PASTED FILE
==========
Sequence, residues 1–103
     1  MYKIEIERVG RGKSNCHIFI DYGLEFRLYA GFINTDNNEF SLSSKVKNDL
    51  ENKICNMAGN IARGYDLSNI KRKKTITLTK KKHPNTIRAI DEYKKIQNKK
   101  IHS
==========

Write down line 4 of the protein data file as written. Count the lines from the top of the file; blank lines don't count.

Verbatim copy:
   101  IHS